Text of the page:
While we narrowed our net loss in Q4, we still had net cash outflows from operations mostly due to unfavorable working capital changes, primarily an increase in inventories tied to our machine installation activities. Our cash capital expenditures for the fourth quarter were limited to $100,000. We anticipate approximately $2 million to $3 million of planned cash CapEx spending in 2020.

If you’ll turn to Slide 22, you will see our total liquidity at year-end 2018, 2019 as well as the pro forma 2019, which takes into account certain liquidity actions we took in early 2020. At the end of 2019, we had $20.2 million of total liquidity compared with $22.6 million at the end of 2018.

On the right, you can see the pro forma chart, which takes our December 31, 2019, total liquidity position and rolls in remaining proceeds from the completion of the sale/leaseback of our European headquarters and operating facility in Gersthofen, Germany, which closed in February 2020. This transaction resulted in total unrestricted net proceeds to us of approximately $18.5 million, of which approximately $2.2 million was included in cash and cash equivalents at December 31, 2019. Separately, we entered into an amendment to our $15 million related party revolving credit facility, which reduced the amount available under the revolving credit facility to $10 million and extended the term of the facility through March 2024. This generates a total pro forma liquidity of approximately $31.6 million.

In 2019, we significantly cut our cash burn rate as compared to 2018, and our focus remains centered on profitable growth and operating cash flow generation for the business. We’ve shown the ability to modify our operating model, when necessary, our 2018 global cost realignment program as an example. We remain focused on effective and efficient cost management within our business. We’ve also shown the ability to identify and execute on low-cost sources of nondilutive liquidity to support our growth initiatives. We continue to believe that we have sufficient liquidity to support our near-term growth plans.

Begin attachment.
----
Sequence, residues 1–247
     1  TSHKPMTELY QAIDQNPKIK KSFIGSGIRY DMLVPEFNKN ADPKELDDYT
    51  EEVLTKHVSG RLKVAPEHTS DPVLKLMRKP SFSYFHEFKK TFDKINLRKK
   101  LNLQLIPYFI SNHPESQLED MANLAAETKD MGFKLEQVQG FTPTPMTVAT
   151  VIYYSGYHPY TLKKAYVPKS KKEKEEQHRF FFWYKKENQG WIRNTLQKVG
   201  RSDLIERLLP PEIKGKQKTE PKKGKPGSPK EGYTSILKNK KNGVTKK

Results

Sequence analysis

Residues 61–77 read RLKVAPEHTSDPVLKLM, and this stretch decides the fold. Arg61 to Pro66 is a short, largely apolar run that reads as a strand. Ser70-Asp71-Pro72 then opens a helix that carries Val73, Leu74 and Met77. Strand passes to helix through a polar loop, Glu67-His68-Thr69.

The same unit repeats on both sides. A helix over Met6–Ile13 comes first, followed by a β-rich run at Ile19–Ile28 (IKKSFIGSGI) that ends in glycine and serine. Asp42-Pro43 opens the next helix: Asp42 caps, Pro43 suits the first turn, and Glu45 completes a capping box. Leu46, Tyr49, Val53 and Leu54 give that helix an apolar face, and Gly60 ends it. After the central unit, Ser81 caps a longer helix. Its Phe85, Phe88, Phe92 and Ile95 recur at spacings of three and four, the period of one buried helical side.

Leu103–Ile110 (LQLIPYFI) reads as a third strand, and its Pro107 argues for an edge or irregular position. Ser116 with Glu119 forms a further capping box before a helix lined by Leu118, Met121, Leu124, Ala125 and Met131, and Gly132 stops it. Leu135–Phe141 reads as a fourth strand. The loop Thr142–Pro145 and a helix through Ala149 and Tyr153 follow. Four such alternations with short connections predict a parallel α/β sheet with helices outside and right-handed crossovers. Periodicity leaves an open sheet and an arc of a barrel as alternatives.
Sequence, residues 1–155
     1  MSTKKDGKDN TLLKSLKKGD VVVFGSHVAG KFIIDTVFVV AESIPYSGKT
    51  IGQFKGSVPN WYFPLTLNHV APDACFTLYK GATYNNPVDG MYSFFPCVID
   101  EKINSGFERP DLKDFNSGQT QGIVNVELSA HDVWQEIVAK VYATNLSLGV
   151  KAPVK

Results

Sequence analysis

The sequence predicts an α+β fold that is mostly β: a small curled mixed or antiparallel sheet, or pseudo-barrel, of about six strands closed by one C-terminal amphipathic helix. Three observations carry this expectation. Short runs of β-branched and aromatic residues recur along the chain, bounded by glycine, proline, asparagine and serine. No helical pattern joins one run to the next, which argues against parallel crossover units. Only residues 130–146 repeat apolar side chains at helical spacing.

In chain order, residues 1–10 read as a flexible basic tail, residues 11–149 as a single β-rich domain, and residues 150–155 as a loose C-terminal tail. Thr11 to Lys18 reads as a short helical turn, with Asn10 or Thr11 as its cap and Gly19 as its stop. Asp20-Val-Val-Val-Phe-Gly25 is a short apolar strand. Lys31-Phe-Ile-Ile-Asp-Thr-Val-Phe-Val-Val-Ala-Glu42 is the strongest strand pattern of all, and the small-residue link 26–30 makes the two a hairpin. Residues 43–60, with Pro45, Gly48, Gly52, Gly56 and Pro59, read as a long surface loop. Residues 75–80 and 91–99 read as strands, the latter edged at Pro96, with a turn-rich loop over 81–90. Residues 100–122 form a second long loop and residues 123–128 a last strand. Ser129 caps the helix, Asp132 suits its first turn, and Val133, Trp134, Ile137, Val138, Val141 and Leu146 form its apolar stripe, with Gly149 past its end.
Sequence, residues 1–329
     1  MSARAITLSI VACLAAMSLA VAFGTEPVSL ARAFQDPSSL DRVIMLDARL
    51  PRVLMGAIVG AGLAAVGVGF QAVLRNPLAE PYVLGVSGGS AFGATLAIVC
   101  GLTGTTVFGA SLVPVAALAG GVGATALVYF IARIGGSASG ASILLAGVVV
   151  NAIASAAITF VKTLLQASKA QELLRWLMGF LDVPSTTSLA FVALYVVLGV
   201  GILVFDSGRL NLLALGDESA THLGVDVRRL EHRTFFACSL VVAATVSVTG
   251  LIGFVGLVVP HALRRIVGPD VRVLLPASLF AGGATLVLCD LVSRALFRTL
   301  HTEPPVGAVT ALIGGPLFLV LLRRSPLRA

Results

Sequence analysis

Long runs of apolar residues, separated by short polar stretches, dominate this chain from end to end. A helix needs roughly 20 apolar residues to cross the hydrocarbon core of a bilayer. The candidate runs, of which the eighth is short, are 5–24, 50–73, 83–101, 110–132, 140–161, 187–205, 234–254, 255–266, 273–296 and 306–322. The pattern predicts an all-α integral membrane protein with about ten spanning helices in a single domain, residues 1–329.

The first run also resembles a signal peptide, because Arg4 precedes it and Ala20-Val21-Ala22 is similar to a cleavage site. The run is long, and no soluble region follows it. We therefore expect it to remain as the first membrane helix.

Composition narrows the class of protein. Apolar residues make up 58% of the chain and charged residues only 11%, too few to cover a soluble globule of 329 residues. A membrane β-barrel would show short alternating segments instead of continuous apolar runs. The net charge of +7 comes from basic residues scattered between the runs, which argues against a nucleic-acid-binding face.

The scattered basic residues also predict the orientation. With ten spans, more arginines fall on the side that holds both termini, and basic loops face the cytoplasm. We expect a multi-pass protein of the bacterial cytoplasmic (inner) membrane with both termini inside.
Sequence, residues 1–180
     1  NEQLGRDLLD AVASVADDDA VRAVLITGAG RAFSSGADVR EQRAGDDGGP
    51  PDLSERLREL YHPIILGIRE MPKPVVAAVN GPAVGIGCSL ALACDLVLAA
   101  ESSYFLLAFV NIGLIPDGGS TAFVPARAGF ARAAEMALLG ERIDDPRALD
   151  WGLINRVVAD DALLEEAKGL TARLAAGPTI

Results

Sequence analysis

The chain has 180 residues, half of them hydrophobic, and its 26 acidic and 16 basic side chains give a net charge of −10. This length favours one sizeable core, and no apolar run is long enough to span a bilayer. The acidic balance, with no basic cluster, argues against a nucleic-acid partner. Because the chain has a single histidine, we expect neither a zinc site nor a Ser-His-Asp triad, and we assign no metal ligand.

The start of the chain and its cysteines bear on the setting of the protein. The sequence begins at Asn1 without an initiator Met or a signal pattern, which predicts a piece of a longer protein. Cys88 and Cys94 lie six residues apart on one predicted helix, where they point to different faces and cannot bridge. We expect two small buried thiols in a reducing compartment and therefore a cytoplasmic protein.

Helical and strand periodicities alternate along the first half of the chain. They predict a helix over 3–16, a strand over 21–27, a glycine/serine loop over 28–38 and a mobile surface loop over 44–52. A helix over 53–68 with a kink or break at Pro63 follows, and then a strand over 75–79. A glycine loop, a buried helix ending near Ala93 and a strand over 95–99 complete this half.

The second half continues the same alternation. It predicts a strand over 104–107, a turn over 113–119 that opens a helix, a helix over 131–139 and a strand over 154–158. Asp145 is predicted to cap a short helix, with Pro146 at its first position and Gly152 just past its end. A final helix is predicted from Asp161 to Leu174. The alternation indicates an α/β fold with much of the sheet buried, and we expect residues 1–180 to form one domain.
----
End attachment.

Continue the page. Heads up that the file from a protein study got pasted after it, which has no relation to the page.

Turning to Slide 23. We wanted to provide an additional overview of the liquidity actions we completed in February 2020 and the related pro forma impacts on our operating model. We expect to incur annual rent expense associated with the completed sale/leaseback of approximately $1.7 million, which replaces our $600,000 annual depreciation run rate. We also expect to recognize a gain on the sale of approximately $1.4 million in our 2020 first quarter.

That concludes my prepared comments, and now I’ll turn it back to John.

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John F. Hartner, The ExOne Company – CEO [5]

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Thanks, Doug. Please turn to Slide 25, and I’ll discuss the current economic backdrop as we see it. As noted in the chart here, initial predictions for 2020 were that manufacturing production would grow. However, that was before the outbreak of COVID-19, which has caused significant uncertainty. With respect to ExOne, our priority remains the health of our employees and our business as well as continuity for our customers and our partners.

At the present time, our supply chain has not been impacted, but we note that certain subcontractor supplies, particularly electronics, do have a risk. From a market perspective, we — given our global reach, revenues from highly impacted countries, China, South Korea, Italy, are only about 10% to 15% annually of our business. We are monitoring the situation closely and dynamically adjusting where needed.

With that, let me turn to Slide 26, where I will discuss our outlook. We have several positive attributes driving favorable momentum into 2020. These include our record backlog entering the year, followed by a solid pipeline, driven by our new machine lineup and expanded customer-facing team. Also, our operational and capital spending remains under control. We believe these factors position us well for growth and solid margins in 2020.

Finally, our balance sheet is strong and well capitalized to support our growth. However, there’s so much macro uncertainty, including the unknown economic impact of COVID-19. We currently don’t feel it’s prudent to provide quantitative guidance for a specific time period. We remain focused on continuing to execute our strategic plan and may give quantitative guidance in future periods.